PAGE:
1. Use objects

You can still reassemble something like objects in C. Simply have a header and C file for your object type. In the header define a struct for the object type, that will hold the data of the object. All object methods are defined in its C file and must have a pointer of the object type as parameter. Thereby you can access the data of the object instance. Only methods declared in the header file will be visible to other files that include the header file, so you even have private and public methods. However the object data is all public (although there are also ways to make some variables private but that requires a little bit more afford).


typedef struct _FOO
  int Bar;
} FOO, * PFOO;

void DoSomethingWithFoo(PFOO this, int Value);


#include "Foo.h"

static void DoPrivateThingsWithFoo(PFOO this);

void DoSomethingWithFoo(PFOO this, int Value)
  this->Bar = Value; 

static void DoPrivateThingsWithFoo(PFOO this)
  //Do private

2. Use Initialize and Finalize/Clean-Up functions for your objects

If you use objects, every object should have at least an Init-Method and if it deals with dynamic memory, contains another object, or must perform any other form of clean up, should have a Finalize/Clean-Up method too. These are basically the objects Constructor and Destructor, although you have to call them yourself (But that is C, you are in charge of everything). The Init method is important to initialize your variables, so they won’t contain garbage. Remember C does not initialize your variables to default values.

3. Dynamic Memory should have a parent object or should never survive its creating scope

When creating dynamic memory through malloc or calloc, that memory should be either freed in the same scope, or should have a parent object, that is in charge of freeing it. First you won’t create memory leaks so easily this way, because memory is either freed right away, or you have an object, that will free it for you when it is destroyed. Secondly this may help you keeping track of you dynamic memory and not getting confused by passing pointers through your program.

In addition you should not pass dynamic memory up your call stack, instead pass it downwards. Otherwise the risk to loose it is quite high. One exception would be an “Allocate” function, that will have to do some calculations for the allocation, but then the calling function is the scope that has to free it or has to assign it to a parent object.

4. Set invalid pointers to NULL, especially after freeing

More about pointers. Pointers that currently do not point to anything valid should always be set to NULL. This way you can check if they are valid and prevent other errors, like segfaults and double freeing. This goes especially for freeing dynamic memory. Set the pointer right after it to NULL, so you are not able to access it afterwards.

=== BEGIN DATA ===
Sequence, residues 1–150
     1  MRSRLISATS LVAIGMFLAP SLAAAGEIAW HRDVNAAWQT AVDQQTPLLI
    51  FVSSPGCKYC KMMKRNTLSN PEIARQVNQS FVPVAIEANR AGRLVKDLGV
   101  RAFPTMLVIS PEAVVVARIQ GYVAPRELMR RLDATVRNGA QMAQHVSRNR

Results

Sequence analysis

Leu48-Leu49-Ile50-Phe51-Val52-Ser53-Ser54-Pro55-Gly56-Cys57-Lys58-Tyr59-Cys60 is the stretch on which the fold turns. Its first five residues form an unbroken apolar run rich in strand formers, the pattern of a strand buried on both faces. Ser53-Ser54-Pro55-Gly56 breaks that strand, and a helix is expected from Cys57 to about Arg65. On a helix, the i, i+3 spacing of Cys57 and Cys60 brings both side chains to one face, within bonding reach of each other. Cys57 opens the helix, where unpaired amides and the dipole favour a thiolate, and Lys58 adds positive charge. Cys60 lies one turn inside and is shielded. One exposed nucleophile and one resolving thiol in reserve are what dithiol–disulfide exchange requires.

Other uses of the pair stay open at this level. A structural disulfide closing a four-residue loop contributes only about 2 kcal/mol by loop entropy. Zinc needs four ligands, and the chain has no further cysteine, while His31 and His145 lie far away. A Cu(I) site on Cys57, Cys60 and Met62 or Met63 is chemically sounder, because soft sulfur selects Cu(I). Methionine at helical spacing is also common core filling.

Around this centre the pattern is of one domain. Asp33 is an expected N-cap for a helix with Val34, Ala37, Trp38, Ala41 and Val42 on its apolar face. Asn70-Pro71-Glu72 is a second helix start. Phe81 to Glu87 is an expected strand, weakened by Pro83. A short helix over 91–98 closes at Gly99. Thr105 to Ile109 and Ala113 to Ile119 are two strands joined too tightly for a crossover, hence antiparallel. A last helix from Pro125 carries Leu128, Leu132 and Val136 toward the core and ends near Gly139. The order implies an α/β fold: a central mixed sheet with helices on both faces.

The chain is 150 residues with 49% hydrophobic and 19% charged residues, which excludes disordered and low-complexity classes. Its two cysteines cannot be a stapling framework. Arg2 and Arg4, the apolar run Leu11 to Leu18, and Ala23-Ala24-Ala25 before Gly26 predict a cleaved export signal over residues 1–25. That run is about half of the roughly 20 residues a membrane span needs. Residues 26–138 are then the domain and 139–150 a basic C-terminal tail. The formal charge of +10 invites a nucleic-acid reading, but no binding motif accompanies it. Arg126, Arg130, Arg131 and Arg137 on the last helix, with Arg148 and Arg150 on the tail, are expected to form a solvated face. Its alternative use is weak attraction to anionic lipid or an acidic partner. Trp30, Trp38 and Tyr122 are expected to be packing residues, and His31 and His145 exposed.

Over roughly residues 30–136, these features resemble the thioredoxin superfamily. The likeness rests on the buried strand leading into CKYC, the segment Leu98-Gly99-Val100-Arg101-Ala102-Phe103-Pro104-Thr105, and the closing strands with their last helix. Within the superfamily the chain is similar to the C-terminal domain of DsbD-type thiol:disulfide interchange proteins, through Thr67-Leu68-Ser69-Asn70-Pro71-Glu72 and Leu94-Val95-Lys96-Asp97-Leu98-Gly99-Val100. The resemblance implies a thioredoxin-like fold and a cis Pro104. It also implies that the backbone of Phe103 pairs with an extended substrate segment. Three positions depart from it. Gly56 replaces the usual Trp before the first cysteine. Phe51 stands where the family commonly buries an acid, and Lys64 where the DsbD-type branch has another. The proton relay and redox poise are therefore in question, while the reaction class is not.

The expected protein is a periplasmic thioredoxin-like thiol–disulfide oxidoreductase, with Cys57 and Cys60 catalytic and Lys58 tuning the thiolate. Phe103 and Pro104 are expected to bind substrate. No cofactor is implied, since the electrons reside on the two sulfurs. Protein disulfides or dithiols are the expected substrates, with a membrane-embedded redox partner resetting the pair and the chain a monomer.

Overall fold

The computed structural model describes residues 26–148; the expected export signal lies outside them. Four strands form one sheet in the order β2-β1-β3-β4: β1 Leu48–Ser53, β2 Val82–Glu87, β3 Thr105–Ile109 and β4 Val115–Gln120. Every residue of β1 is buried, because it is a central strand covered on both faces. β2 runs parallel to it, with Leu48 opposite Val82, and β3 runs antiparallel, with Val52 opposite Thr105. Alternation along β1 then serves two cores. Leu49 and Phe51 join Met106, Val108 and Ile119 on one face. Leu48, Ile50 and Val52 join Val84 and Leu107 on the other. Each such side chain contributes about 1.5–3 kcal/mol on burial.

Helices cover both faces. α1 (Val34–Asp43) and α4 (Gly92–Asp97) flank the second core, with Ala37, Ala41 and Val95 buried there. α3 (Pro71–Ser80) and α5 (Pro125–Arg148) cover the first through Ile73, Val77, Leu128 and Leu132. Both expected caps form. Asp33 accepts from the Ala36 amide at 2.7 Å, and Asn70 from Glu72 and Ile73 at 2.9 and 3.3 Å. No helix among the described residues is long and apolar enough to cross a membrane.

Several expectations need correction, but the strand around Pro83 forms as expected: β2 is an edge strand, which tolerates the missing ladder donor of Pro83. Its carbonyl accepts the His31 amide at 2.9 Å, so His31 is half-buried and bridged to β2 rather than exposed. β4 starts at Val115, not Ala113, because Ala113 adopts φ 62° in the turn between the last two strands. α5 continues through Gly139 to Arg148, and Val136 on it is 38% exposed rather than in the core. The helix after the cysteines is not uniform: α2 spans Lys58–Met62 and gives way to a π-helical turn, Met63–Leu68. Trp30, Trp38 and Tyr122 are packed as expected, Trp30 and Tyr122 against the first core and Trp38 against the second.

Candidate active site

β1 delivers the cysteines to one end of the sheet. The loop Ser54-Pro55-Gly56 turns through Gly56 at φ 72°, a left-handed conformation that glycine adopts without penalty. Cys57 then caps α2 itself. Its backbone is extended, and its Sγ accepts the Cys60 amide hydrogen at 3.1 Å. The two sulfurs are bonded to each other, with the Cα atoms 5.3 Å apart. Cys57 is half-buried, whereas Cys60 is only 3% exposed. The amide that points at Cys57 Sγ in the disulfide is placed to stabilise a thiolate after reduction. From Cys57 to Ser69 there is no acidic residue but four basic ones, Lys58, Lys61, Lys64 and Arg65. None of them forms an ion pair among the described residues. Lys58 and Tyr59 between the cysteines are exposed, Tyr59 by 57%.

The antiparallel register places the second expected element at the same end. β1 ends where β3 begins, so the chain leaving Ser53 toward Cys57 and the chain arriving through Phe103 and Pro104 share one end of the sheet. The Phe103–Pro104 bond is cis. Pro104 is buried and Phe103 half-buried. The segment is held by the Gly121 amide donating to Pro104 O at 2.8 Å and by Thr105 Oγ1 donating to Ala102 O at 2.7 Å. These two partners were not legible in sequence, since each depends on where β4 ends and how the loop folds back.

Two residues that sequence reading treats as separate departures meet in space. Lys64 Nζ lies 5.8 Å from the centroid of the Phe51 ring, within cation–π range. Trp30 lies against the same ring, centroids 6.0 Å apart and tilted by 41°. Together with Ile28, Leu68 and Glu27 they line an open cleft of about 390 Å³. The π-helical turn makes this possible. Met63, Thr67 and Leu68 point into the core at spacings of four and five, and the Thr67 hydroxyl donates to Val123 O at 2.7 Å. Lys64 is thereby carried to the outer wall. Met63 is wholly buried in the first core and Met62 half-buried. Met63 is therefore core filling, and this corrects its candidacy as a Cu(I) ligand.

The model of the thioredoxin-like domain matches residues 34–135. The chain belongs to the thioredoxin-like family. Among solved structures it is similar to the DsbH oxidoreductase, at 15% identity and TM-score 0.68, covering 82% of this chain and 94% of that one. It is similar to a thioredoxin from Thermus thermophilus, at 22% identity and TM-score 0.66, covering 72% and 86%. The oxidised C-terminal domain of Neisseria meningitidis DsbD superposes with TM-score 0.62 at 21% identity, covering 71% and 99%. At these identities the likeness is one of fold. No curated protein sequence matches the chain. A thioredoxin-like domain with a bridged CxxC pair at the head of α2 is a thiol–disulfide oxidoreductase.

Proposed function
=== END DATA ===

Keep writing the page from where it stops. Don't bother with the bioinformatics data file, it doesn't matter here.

5. Use the <stdint.h> header for integer types

The <stdint.h> header defines several integer types with fixed lengths. The problem with the basic types are that their size depends on the compiler and the system. So other system and/or other compiler and your long is now 4 bytes instead of 8 bytes. Especially when dealing with 32 Bit vs 64 Bit this may be a problem.

So in order to have fixed size integers, the <stdint.h> header defines the following types:

int8_t, int16_t, int32_t, int64_t
uint8_t, uint16_t, uint32_t, uint64_t

The number is the size of the type in bits, and that is regardless of compiler or system.

6. Use the <stdbool.h> header for the bool type

C does not come with a native boolean type. The <stdbool.h> header defines a bool type, as well as the keywords true and false. The advantage of using this header instead of abusing a unsigned char is, that this bool type is somehow partly native and does take care of integer overflow.

7. Use the size_t and ptrdiff_t types for anything regarding memory and pointers.

size_t is an unsigned integral type that is used for sizes of objects and memory. Do NOT ever use int to store the size of a type, object or memory. The two important functions that use this type are sizeof, which will return the size of the type bytes, and malloc, which wants to know how many bytes shall be allocated.

ptrdiff_t, as its name suggests, is used when you want to store the difference of two pointers. Here again, do NOT ever use int to store a pointer difference, though most compilers are going to throw a warning.

Both types are guaranteed to have the appropriate size to store those information.

8. Pointers are increased by their type size

So this is a little more advanced but still somehow important. It is totally valid to increment and decrement pointers. This is especially useful to iterate over an array. But be aware that an increment/decrement of a pointer takes its type size into account. This means incrementing a pointer will not move it by one byte. Instead it will move it by X bytes, where X is the size of the type it is pointing to. So it will point to the next object next to the previous one. This is the reason why pointer arithmetic on void pointers are not valid. The type size is not known, therefore the compiler does not know how far it should move the pointer.

Hope this will eventually help someone. If you have something to add or complain, feel free to leave a comment.